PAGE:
The Robin McGraw Revelation and Dr. Phil Foundation
Dr. Phil talks to a mother who fears her 16-year-old son may be headed for jail.
Dr. Phil walks backstage with Jennifer to meet her son in the green room. Dr. Phil and Jennifer agree that if Tim refuses to go willingly, a licensed transport agent will escort him to the SUWS program.
Addressing Tim, Dr. Phil says, “Tell me how you feel about being here?”
“It’s kind of hard to believe I’m actually here,” Tim replies. “I’ve always had a thing about putting my problems out on the table in front of people, so it’s kind of hard to take that I have to tell all my problems in front of so many people, the entire world.”
Dr. Phil assures Tim that he is taking precautions to protect his identity. “It’s one of the reasons that I’m talking to you back here instead of out there in front of an audience, because I don’t want you to be distracted by what’s happening,” he says.
Dr. Phil asks, “Do you agree that you’ve had a history of stealing, a history of violence, a history of drugs and alcohol, that’s brought you into conflict with your mother, that’s brought you into conflict with the school and now it’s brought you into conflict with the authorities and the court system? You understand that you can wind up going to jail, prison for an extended period of time?”
“Yes, I do.”
When he asks how Tim feels about that prospect, he replies, “I’m terrified. It’s something that I am not looking forward to.”
“What scares you about it?”
“Just the fact that I’m actually going to prison. To jail.”
Jennifer chimes in, “We don’t know that.”
Looking at her in disbelief, Dr. Phil says, “Have you rewritten the code? Is there something you don’t understand about a guilty plea to what we’re talking about here?”
“I don’t think all of this is your fault. I think you have been subjected to some things in this life and this world that you didn’t ask for, you didn’t deserve, and you don’t know what to do with … I cannot tell you how sorry I am for what you have been through. I know that when you go through a divorce and your family gets pulled apart at a very young age, that’s a terrible thing to go through.”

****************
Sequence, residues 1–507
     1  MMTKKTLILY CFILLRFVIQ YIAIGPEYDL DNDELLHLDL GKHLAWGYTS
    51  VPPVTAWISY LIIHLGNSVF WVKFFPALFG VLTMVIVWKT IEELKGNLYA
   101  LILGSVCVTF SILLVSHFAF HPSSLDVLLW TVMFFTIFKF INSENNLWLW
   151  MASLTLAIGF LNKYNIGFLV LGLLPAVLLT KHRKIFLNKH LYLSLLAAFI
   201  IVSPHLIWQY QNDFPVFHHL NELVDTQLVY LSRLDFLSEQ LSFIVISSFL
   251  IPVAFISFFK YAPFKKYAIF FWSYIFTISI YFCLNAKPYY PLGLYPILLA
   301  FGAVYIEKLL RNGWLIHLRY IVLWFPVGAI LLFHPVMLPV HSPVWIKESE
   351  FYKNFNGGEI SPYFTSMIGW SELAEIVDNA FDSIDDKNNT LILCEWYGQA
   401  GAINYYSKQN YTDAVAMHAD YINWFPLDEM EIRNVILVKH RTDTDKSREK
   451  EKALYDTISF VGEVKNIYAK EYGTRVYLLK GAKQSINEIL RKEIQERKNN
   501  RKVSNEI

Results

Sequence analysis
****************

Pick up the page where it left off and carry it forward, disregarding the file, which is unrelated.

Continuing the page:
Pointing out that Tim also suffered abuse as a child, he says, “You shouldn’t have been subjected to that and that changes who you are, Tim. He isn’t a man enough person to look you in the eye and say he’s sorry. But let me say it for every adult in this world and let me say it for your mother. I’m sorry that that happened to you. If there’s something that I can do to change that, and turn back the hands of time, I would do it … I am going to fight until the last breath in me to keep you out of jail … I want you to become a star in your life. I want you to become the hero in your life. And I don’t want to send you back and send you to jail. I want to send you somewhere else.”
He tells Tim that attending SUWS will give him a new lease on life. “It’s a very therapeutic program. It’s designed to help you get off of drugs, get off of alcohol and clear your head and start thinking right about who you are and what you deserve in this life.”
Dr. Phil explains that Tim’s lawyer can get his court date extended, and the judge will look favorably on Tim taking action to turn his life around.
“I’ve always thought about rehab and I’ve always thought negatively about it, never wanted to go,” Tim admits. “I don’t know if I should go.”
“Forget about everything else and listen to me. I believe in you. I believe in who you are,” Dr. Phil says. “It is not too late for you to turn this around and be a hero in your own life. Your mother needs help too. And I’m going to get that for her … I don’t want to see you go to jail. I want to give you a chance to make your life work. And I’m asking you to do this with me. I’m asking you to look me in the eye and say, ‘You know? Dr. Phil, I just met you but I’m going to do what you’re asking me to do.’ That’s what I’m asking you to commit to right now.”
“OK. I will go. I believe that it will help,” Tim says.
Dr. Phil shakes hands with Tim. “I’m proud of you and this is the beginning.”